Charles Stanhope

Charles Stanhope at

I have some sympathy for an artist whose work is perhaps interpreted not in the way they would like (although I don't understand the copyright claims), but it is a public art piece. It's meaning is affected by where it is placed. The artist describes his piece as representing "freedom in the world, peace, strength, power and love." I haven't seen the piece in person, but knowing it's placement, and having seen many pictures of it, my interpretations never included freedom, peace, or love. Strength and (reckless, frightening) power, yes, but not those other things. I find it fascinating that was his intent.

Anyway, no need to beat up on him, but it's too bad he chose to fight this challenge to his work. If he really feels the way he does about his piece, perhaps he could come up with a way to participate with this sudden attention, and recast his work the way he intended, instead of nursing a grievance.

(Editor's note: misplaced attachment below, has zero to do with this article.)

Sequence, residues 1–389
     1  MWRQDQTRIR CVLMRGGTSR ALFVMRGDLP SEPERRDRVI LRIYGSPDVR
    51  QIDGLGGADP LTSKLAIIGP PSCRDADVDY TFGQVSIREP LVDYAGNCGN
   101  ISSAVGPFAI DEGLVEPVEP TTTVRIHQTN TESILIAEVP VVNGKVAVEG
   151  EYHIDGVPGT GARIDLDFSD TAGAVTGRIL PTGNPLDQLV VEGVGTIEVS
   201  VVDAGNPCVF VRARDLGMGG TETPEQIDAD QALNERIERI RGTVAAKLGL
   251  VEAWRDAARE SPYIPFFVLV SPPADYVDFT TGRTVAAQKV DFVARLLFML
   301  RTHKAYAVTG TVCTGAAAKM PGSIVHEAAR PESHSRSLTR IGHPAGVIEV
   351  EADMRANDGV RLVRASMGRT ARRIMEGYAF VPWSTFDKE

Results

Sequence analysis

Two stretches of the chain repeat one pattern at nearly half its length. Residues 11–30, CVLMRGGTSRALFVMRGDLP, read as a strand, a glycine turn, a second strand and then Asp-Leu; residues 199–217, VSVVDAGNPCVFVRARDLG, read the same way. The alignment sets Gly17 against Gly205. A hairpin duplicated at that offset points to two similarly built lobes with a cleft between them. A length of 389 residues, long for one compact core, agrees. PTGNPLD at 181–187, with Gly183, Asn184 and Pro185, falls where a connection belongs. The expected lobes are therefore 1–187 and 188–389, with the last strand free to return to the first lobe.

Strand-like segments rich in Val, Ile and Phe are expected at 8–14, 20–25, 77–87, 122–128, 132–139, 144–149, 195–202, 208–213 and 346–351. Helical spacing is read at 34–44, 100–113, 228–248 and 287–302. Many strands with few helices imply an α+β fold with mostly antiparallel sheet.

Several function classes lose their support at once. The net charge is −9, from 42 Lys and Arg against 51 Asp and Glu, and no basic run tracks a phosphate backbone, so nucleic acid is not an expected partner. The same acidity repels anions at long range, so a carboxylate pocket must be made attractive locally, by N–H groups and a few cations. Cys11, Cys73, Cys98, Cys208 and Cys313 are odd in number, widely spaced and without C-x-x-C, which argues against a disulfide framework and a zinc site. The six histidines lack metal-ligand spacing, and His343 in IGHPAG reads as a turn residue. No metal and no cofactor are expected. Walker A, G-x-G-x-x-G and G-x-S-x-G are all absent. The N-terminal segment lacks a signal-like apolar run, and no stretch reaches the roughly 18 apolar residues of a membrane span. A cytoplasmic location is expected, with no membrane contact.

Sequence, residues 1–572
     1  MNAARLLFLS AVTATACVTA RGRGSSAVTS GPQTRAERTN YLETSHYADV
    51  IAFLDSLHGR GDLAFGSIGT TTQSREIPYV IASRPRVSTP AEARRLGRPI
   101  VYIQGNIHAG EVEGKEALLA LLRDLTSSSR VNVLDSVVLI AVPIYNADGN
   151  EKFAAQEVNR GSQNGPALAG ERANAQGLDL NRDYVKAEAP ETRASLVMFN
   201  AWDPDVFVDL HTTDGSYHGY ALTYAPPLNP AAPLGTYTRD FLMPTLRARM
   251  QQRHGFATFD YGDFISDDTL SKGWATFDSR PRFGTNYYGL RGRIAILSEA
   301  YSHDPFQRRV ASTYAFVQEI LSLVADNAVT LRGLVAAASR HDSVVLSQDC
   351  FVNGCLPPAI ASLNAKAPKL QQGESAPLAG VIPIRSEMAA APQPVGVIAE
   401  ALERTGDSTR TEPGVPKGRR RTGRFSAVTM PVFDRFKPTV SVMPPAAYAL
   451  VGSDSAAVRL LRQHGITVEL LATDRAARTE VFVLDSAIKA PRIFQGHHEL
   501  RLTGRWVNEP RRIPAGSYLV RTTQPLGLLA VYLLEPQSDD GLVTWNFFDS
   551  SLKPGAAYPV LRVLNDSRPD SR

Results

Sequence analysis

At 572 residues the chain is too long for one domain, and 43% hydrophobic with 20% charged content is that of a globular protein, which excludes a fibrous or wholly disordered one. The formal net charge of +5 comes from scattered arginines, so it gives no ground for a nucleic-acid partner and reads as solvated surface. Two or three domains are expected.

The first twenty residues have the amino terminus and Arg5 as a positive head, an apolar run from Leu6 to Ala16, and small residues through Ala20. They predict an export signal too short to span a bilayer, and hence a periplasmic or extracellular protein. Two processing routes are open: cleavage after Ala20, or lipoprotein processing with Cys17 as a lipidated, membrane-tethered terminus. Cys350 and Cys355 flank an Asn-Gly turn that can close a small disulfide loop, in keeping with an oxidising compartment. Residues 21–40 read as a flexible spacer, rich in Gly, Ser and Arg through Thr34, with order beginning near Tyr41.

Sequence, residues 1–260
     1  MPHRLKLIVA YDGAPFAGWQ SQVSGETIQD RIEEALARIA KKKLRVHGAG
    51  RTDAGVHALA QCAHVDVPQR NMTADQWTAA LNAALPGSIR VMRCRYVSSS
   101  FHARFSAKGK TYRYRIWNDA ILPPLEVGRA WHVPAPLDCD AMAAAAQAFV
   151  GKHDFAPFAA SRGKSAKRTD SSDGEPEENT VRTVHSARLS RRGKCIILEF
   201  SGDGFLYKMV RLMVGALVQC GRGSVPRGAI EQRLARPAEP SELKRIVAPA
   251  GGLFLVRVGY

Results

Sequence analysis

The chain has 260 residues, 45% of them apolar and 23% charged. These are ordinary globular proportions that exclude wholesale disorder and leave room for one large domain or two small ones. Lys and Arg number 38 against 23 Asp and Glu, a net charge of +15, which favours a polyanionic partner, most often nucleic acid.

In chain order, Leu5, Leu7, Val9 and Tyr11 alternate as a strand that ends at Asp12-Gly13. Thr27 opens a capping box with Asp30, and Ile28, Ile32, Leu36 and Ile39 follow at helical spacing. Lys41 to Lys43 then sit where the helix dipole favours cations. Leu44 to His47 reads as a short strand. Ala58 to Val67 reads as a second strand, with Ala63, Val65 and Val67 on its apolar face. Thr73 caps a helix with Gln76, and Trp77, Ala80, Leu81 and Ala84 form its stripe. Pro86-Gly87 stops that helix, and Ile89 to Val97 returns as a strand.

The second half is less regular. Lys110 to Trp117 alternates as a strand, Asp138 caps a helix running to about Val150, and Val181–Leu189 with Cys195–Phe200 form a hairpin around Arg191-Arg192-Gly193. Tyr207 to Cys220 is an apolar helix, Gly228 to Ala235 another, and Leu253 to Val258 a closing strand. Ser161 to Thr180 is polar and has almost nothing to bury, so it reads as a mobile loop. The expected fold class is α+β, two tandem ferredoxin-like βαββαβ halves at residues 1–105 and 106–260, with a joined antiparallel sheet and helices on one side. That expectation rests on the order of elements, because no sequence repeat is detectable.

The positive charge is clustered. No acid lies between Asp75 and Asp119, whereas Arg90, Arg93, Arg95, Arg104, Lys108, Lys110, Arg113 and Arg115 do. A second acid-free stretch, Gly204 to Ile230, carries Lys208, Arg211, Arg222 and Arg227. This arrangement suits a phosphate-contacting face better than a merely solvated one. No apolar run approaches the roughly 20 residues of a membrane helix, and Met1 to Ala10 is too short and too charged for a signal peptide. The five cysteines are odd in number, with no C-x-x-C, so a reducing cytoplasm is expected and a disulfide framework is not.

Christopher Allan Webber likes this.

Show all 11 replies
Now that I understand the whole story much more clearly, I take some comfort that the commercial message of the girl appears to have been completely lost on the public at large. The attempt at co-opting seems to have failed. Also, it occurs to me that with perhaps even just a single additional piece (say a  sinister corporate figure pushing the girl out in front of him towards the charging bull) you could create a piece that told its own story.

Charles Stanhope at 2017-04-18T12:47:48Z

Christopher Allan Webber likes this.

@cwebber, then you might like 99% invisible: the falling of the lennins which I think is fascinating. (I prefer the podcast form over the article. it's playable at the top of the article with proprietary js, or the mp3, or the podcast feed (update to fix links)

Ian Kelling at 2017-04-18T20:00:19Z